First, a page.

“Prithvi came when he was in the third standard. He was very raw. I told Javed sahab isko dena hai admission (he needs admission), [at] that time we didn’t know he was special. One day, I called him to the nets. We had three or four nets for different age-groups. I told him to go to the kids’ net, but he wanted to play with the seniors. I remember telling him strictly that pehle is me jao, baad ka baad me dekhte hai (first, you go to the junior nets). But he only played three balls there. He was so good that I had to bring him out. The first time he met me, he was in casuals. But in a cricket attire, he looked special,” Pathak reminisces.

Competition and a direction

The competition between the three of them increased the school’s hunger to push limits. Now, every kid wants to become a Sarfaraz or a Prithvi. “Three of them have even played together. I remember playing them in the Worli U-14 tournament where they performed and earned a chance in Harris Shield. The game where Sarfaraz scored 439 batting at No. 4, Prithvi had opened while Armaan came in at No 3,” he reveals.

The trend of constructing run mountains was started by Sarfaraz who smashed 439 against Indian Education Society at Cross Maidan in 2009 in the Harris Shield. Photo: Special Arrangement

 

Apparently, three of them were so competitive that there have been situations where one wouldn’t rotate the strike. “If one scored a 100, the second has to score a 150. At times, they would not change strike. Our change began during that time. It was around 2009, when we used to bat one innings and get the other team out but with students passing out, teams change. Not all kids can be a Prithvi or a Sarfaraz,” Pathak says.

One of the notable corners of the old school (the new school building is in Khar at present) is the open auditorium that changes into a monsoon cricket camp during the rains. The students are not allowed to take it easy.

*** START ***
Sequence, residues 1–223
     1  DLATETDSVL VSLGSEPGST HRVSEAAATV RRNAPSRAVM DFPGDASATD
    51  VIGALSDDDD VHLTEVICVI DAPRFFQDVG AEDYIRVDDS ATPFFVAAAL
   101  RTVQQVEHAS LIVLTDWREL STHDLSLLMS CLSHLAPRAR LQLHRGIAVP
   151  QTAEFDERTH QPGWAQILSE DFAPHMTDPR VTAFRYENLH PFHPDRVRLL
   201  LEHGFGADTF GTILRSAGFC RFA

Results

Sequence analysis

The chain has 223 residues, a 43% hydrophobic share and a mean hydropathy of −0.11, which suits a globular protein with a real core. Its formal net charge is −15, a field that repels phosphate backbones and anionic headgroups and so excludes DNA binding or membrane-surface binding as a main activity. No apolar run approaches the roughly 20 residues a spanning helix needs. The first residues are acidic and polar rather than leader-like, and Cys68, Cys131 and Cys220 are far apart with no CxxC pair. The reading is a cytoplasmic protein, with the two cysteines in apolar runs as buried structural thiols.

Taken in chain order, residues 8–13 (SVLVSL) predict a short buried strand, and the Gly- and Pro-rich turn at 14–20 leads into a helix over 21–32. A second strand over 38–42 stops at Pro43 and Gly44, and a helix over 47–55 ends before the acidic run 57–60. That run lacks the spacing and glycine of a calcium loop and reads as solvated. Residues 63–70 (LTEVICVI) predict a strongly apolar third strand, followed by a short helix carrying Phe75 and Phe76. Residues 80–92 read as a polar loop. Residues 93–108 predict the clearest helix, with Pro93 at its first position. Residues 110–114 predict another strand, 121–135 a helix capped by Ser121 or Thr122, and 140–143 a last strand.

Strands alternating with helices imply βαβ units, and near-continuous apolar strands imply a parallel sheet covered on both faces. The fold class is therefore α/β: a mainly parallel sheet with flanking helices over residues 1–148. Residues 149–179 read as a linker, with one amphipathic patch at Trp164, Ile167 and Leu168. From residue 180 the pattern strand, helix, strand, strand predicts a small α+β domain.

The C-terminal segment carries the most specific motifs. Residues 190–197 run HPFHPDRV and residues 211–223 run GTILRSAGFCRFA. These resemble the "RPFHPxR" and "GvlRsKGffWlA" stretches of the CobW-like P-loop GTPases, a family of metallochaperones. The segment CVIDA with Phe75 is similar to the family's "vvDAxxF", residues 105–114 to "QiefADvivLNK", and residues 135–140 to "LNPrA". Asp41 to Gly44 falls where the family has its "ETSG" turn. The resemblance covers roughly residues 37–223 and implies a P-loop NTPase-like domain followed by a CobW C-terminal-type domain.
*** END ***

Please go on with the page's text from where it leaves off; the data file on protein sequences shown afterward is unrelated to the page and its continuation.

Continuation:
“We have our own sets of trainers and physiotherapists who train them during this period,” say the duo.

(From left): Javed Rizvi, the late Abis Rizvi - son of Dr Akhtar Hassan Rizvi, Armaan Jaffer, Raju Pathak and Kaleem Jaffer. Photo: Special Arrangement

 

Springfield won the Harris Shield title six consecutive times from 2008. Seven of its players — Agam Pandit, Uday Karkera, Arif Sunasra, Harvinder Singh, along with Sarfaraz, Armaan and Prithvi — represented India in junior cricket; players like Vijay Gohil and Aditya Dhumal play for Mumbai in the Ranji Trophy.

But ever since Sarfaraz became popular with the Royal Challengers Bangalore in the IPL, parents keep pestering Pathak to make their kid an IPL player. “That’s what most people ask these days. But they need to understand that a Prithvi or a Sarfaraz will arrive once among 100 players,” he adds.

Both Pathak and Javed want to stick to the basics and not get carried away by the achievements of the alumni. “Cricket has a simple funda – ball selection and shot selection. You should never look at the bowler; just look at the ball,” says Pathak while Javed nods in agreement.